Young Chloe Bucklashuck passes the beach ball to lodge residents during an impromptu beach party held at the Paintearth Lodge on July 31st, all part of the craziness known as GISH. photo submitted

The Greatest International Scavenger Hunt (GISH) returns to Castor for another year

During the week of GISH, teams take on various challenges from a posted list

By Kevin J. Sabo

For the Advance

From felting a portrait of Star Wars character Chewbacca out of cat fur to throwing impromptu beach parties at the local senior’s lodge, GISH is a weird and wonderful time of year.

The brainchild of Supernatural actor Misha Collins, G.I.S.H. stands for Greatest International Scavenger Hunt and was born following a publicity stunt in 2010 when the producers of Supernatural asked Collins to engage his fans and win the television series a People’s Choice award.

After winning the award, and seeing the engagement with his followers, GISH was born in 2011, and by 2012 had already won the Guinness World Record for largest Media Scavenger Hunt of its kind.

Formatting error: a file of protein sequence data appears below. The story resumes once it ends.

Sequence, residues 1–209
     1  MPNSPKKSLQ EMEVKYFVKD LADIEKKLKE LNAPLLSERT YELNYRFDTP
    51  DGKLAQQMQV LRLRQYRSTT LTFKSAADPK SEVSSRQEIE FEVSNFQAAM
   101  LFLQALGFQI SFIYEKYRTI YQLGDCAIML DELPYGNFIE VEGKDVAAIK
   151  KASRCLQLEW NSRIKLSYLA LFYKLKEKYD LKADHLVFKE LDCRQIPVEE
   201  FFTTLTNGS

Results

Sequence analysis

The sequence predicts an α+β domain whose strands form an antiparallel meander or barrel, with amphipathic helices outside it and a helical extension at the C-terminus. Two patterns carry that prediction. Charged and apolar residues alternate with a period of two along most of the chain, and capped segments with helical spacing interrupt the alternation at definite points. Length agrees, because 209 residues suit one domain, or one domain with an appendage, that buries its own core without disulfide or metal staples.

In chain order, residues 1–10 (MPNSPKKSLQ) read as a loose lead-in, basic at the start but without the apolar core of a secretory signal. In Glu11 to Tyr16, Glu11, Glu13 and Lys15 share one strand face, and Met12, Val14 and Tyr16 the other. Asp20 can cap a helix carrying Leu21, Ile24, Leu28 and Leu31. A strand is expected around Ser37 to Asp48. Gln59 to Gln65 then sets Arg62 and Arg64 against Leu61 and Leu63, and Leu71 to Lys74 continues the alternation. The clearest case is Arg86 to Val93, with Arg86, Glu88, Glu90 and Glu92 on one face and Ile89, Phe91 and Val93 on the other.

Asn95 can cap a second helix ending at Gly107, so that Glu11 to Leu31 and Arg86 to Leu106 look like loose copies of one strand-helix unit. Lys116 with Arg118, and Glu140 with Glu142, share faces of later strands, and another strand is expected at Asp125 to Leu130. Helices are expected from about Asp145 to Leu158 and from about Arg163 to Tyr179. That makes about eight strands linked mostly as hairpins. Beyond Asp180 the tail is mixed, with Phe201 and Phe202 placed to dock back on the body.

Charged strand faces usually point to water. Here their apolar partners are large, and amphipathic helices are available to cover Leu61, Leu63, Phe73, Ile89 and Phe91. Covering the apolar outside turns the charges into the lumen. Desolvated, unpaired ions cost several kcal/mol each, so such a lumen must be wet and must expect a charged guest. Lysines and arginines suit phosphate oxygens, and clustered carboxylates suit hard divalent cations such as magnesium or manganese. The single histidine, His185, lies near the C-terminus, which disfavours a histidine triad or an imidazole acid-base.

During the week of GISH, this year running July 27th to Aug. 3rd, teams of 15 take on various challenges from a list that is posted at the start of the week.

The tasks range from weird, like the previously mentioned cat fur portrait, to the fun of spreading cheer in the community.

Records of the challenges being completed are submitted for points, and the team with the highest overall score is able to go on trip of a lifetime.

It’s not all about the antics or the possibility of winning the trip though.

“The change-a-life goal is the main reason that I GISH each year,” said Lynn Sabo, a GISH team member in Castor. “The challenges that give back to our local community are another reason.”

Each year since its inception, GISH has partnered with a different life-changing charity, with the charity for 2019 assisting the Mines Advisory Group in the Lao Peoples Democratic Republic (formerly Laos).

Per population Laos is the most heavily bombed country in the world, with over 2 million tonnes of bombs being dropped during the Vietnam war between 1964 and 1973.

Of the bombs dropped over the region during the war, an estimated 80 million of them didn’t explode, and are still taking lives today.

GISH’s goal this year was to raise $150,000 through crowd-funding, to raise money for the ongoing explosives removal, as well as helping pay for prosthetics for those who have been impacted by these explosives.

The goal was eclipsed in 48 hours, and to date GISH has raised over $240,000 for this cause, primarily through the GISH participants sharing the fundraising link through their social media.

Though GISH has changed over the years, it continues to carry on strong, with over 55,000 participants taking part around the world in 2016.

“I like that it’s bizarre. It’s fun. It’s crazy. It’s outside the box,” said Sabo. “It gives me permission to be goofy for a week.”

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